Heiner Goebbels is a well-known European avant-garde composer whose works have rarely been performed in the U.S. This is too bad, if 'êSong of Wars I Have Seen,'ê a stunning hour-long chamber work, is representative. The Seattle Chamber Players heard a Goebbels'ê piece at a Warsaw festival, and immediately determined to present one in Seattle. This they did, March 4-6, with the early music ensemble Pacific Musicworks, under the auspices of On the Boards.
'êSongs of Wars I Have Seen'ê is based on texts of Gertrude Stein (written in 1943, published in 1945). Stein'ês inherently musical poetry is made up of sounds and rhythms as much as it is syntax and semantics. The poems document women'ês experience of war, sitting at home, rather than out on the battlefield. Because of rationing, the women use honey instead of sugar; they listen to BBC and Voice of America on the radio; they hear the threatening sound of airplanes overhead. They read Shakespeare — Richard III and Macbeth — and ponder the historical and timeless quality of war.
It was apparently Stein'ês references to Shakespeare that inspired Goebbels to use fragments of Matthew Locke'ês music for The Tempest (1674) as a recurring part of his composition. And of course, the Locke should be played on period instruments, with the mellow sounds of Baroque strings.
Goebbels'ê piece is the only one I'êve ever heard that successfully combines the timbres of period instruments tuned at A-415 (Baroque pitch) with 'êmodern'ê orchestral instruments tuned at A-440. In addition, there are electronic sounds, controlled both by a keyboard/computer sampler onstage and by CD playback from the sound booth. While this is a piece of 'êchamber music,'ê it does require a conductor, and the Estonian Anu Tali, who had conducted the piece several times previously, did a fine job of coordinating everything.
The most striking thing about the stage set-up is the gender separation. The women performers (Baroque strings, harp, and some woodwinds) sit at the front of the stage in a sort of 'êliving room,'ê with the soft lighting of floor lamps and table lamps of varied sizes, shapes, and colors. The male instrumentalists (brass, percussion, keyboard, lute, and some woodwinds) sit at the back of the stage, with harsh theatrical lighting and a bare light bulb hanging down overhead. The women serve as the narrators/storytellers, reading the poetry individually and as a group chorus, in addition to their instrumental duties. I particularly enjoyed violist Laurel Wells'ê rapid-fire delivery and the partly-sung narration of bass player Moriah Neils.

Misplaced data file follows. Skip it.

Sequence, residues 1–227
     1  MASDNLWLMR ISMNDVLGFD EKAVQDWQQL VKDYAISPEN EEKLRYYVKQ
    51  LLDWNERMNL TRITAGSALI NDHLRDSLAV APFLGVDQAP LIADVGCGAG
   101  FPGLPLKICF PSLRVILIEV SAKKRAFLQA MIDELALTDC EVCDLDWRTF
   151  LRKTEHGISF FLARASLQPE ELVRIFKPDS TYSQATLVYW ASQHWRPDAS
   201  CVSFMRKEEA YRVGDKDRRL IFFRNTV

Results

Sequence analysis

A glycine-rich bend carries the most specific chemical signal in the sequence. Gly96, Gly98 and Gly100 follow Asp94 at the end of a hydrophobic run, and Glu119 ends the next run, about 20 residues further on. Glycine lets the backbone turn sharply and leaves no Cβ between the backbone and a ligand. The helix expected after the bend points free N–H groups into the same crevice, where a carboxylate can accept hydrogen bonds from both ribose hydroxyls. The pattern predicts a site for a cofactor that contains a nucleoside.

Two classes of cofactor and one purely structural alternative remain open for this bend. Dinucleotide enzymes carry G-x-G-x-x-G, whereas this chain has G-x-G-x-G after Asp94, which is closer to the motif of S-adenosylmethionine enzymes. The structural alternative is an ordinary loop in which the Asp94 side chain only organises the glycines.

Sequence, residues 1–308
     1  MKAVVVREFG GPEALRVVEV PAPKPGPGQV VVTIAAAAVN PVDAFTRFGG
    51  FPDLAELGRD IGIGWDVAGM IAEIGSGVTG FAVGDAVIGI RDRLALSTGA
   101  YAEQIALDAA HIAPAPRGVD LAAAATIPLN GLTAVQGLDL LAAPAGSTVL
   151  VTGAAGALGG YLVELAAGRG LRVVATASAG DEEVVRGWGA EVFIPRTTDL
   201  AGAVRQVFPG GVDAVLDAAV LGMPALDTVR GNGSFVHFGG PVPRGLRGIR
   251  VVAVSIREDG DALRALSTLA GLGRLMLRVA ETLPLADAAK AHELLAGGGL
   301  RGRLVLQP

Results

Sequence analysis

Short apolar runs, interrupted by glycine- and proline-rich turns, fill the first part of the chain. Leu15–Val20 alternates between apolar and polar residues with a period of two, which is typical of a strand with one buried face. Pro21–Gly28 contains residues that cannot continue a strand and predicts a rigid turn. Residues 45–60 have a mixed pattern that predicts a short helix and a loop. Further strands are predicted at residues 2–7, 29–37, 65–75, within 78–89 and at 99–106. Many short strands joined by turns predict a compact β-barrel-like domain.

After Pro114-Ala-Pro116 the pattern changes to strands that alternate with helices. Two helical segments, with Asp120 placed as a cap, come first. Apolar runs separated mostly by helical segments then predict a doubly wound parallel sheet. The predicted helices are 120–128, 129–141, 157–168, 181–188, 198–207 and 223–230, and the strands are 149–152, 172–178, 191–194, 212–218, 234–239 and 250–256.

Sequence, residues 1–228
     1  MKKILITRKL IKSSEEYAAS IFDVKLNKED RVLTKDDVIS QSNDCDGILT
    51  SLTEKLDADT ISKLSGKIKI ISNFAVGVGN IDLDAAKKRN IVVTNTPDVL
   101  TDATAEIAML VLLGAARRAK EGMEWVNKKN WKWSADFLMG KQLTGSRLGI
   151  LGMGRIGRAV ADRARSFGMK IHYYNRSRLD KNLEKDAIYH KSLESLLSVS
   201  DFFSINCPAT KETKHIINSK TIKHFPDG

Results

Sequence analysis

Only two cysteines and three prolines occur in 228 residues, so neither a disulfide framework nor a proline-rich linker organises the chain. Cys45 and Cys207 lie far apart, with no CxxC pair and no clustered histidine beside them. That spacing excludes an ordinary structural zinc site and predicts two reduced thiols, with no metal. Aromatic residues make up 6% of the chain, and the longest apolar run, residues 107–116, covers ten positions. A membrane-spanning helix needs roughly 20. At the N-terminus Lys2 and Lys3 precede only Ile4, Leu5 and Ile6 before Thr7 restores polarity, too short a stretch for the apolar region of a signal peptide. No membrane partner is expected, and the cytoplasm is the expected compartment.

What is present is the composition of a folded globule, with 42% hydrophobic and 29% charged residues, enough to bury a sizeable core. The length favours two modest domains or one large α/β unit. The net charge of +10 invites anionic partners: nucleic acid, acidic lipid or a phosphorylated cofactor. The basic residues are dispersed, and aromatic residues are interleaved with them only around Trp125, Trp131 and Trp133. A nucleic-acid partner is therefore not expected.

I happened to talk with Paul Taub, the flutist, after the performance. He said that the flute part could be played by a male or female (who would be seated in different parts of the stage, depending on gender). Also, the flute part could be played on a wooden Baroque flute pitched at A-415 or on a modern silver flute at A-440. So there'ês a certain amount of flexibility in the orchestration and in players'ê gender.
The 'êsong'ê portions of the piece (Stein poems of different moods) are occasionally separated by instrumental interludes, and the piece ends with a striking trumpet postlude (played beautifully here by Tony DiLorenzo) — strange, microtonal riffs over the eerie harmonics of Tibetan prayer bowls, 'êstirred'ê by most of the other performers on stage. This is trumpet not as martial fanfare instrument, but as mournful graveyard soloist. 'êSongs of Wars'ê ends with prayers for the dead, not with victorious hymns.
The companion piece on the first half of the program was Monteverdi'ês "Il Combattimento di Tancredi e Clorinda," first performed in 1624, and here performed by Pacific Musicworks. It is an experiment in the early development of opera, based on a section of Tasso'ês epic "Gerusalemme liberata," and its themes (like the Goebbels) are war and gender.
A narrator — tenor Ross Hauck, who delivered a very compelling performance — tells the story of two knights, a Christian and a Saracen who meet in battle and fight valiantly until the fatal wounding of the Saracen. When the Christian knight removes the helmet of the warrior, he discovers that it is none other than the Saracen maiden with whom he had earlier fallen in love. He hurriedly baptizes her, sending her soul to heaven at the last.
The swordplay and actions of the combat are directly mirrored in the music, with 'êbattle effects'ê in the strings and occasional series of short repeated notes by the narrator, a newly created 'êstile concitato'ê to express anger and violence. Unfortunately, it is difficult for a contemporary audience to view someone trotting around on stage, pretending to be on a horse, without having visions of Spamalot pop to mind, and the brightly colored costumes (undoubtedly modeled on 17th-century drawings) looked clownish. What to do when such 'êauthenticity'ê elicits giggles? Director Theodore Deacon'ês solution, in an Early Music Guild performance a few years back, was to use a motorcycle and contemporary dress (not to everyone'ês taste). One could ham it up and play it entirely for laughs, but that would not be in keeping with the (serious) spirit of the work. Perhaps a concert performance, with minimal staging, is the best solution.